Satisfaction, Smatisfaction – any good?

More and more often I’m receiving satisfaction surveys from providers of health care  Interesting concept: satisfaction. Satisfaction with what? Satisfaction with service, respect, knowledge, empathy, partnership, noise? I expect that members of my team will listen to me, help me listen to them, not waste my time, be nice to me, tell me how much stuff costs in advance of charging me, tell me the likelihood that whatever they’re recommending will work, tell me what might happen if I don’t follow their recommendations, tell me how I can reach them when I need help, tell me what should trigger reaching out to them. As a nurse, a patient and a caregiver I wonder if surveys ask what’s important to me (mostly they’re not) and I wonder if the results are actionable (If results are lower than hoped, that something can be done to make the results better.  If they are better than expected, that someone can figure out why, so it can be done more often).

As a Quality Improvement professional I’m looking for strong interventions that are likely to move the dial (better score). A strong intervention means changing how something is done. Doing things the same will not improve people’s perception and give a better score.  Often organizations think that training is the way to improve / change something.  Training is a weak intervention – not likely to result in change. If you can’t change how something is done, then why ask me about it? Wastes my time.  Lately, I’ve tried to keep surveys really short – 2-10 questions (1 page).  I like to ask if you would recommend the person, practice, program, service to your family or best friend.  Then ask what could have happened to make you more likely to recommend (an open-ended question). After 20 years of surveying, I’m appalled at how poorly I can predict what matters to people.  The open-ended question often provides information I never thought of.  Canned questions assume we know what matters to people.  We only look where the light is. Actually, the best way to understand the perceptions of people you support is to regularly engage them in conversation about what matters to them, not survey them.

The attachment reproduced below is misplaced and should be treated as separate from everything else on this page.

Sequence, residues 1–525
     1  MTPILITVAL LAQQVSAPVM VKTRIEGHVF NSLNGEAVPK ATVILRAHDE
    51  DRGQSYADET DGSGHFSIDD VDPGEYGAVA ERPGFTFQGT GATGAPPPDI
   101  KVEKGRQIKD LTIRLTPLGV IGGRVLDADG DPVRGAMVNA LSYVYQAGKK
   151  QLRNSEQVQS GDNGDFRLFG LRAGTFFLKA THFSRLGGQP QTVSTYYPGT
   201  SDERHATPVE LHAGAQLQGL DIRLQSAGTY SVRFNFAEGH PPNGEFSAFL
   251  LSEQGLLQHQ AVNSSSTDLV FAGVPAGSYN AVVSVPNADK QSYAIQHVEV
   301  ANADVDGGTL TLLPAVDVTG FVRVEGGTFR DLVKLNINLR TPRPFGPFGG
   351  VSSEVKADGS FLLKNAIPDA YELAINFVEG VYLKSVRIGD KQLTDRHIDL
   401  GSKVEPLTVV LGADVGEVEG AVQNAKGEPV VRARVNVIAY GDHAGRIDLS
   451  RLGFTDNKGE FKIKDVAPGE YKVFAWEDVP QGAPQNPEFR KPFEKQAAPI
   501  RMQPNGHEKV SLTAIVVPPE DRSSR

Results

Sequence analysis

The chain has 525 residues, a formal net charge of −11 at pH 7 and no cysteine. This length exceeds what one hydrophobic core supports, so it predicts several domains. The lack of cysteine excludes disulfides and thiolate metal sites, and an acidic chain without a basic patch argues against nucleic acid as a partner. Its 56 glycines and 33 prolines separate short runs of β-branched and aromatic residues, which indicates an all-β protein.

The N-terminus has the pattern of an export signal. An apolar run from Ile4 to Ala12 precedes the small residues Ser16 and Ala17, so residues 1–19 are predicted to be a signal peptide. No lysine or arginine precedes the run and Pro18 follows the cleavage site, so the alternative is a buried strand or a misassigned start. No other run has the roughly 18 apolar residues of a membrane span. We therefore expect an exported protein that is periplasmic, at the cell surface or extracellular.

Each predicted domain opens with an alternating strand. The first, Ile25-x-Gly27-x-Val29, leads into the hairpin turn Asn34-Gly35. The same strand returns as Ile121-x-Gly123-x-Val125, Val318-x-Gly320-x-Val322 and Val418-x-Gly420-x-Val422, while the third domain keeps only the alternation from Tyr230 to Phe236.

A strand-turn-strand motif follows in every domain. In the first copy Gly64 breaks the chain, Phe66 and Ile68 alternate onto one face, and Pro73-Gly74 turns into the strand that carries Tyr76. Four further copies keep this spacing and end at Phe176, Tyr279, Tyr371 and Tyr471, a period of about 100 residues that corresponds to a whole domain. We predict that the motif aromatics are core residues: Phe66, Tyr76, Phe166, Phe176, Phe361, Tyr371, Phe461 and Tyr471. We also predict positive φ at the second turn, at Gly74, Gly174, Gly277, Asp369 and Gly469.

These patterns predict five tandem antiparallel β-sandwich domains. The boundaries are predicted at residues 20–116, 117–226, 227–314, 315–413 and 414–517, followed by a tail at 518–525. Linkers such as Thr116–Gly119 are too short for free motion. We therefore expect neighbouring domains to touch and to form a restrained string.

• Good Stuff Danny! Your statements address some of my reasoning for developing our app. Let’s connect on LI.

  • Anonymous says:

    Danny, I agree with you. The canned variety really do not get to the root of what matters to you when you are the patient. How many of them ask if “your health provider or anyone you met on the health care team introduced themselves to you and explained their role upon first interaction.” I feel like that is a critical piece to the beginning of satisfaction.

  • Sue Spivack says:

    Yes!! Once again you’ve nailed it, Danny. I’m printing this out and putting a copy in with the next surveys I get from my medical people. Thanks

  • Anonymous says:

    Last sentence…priceless insight!

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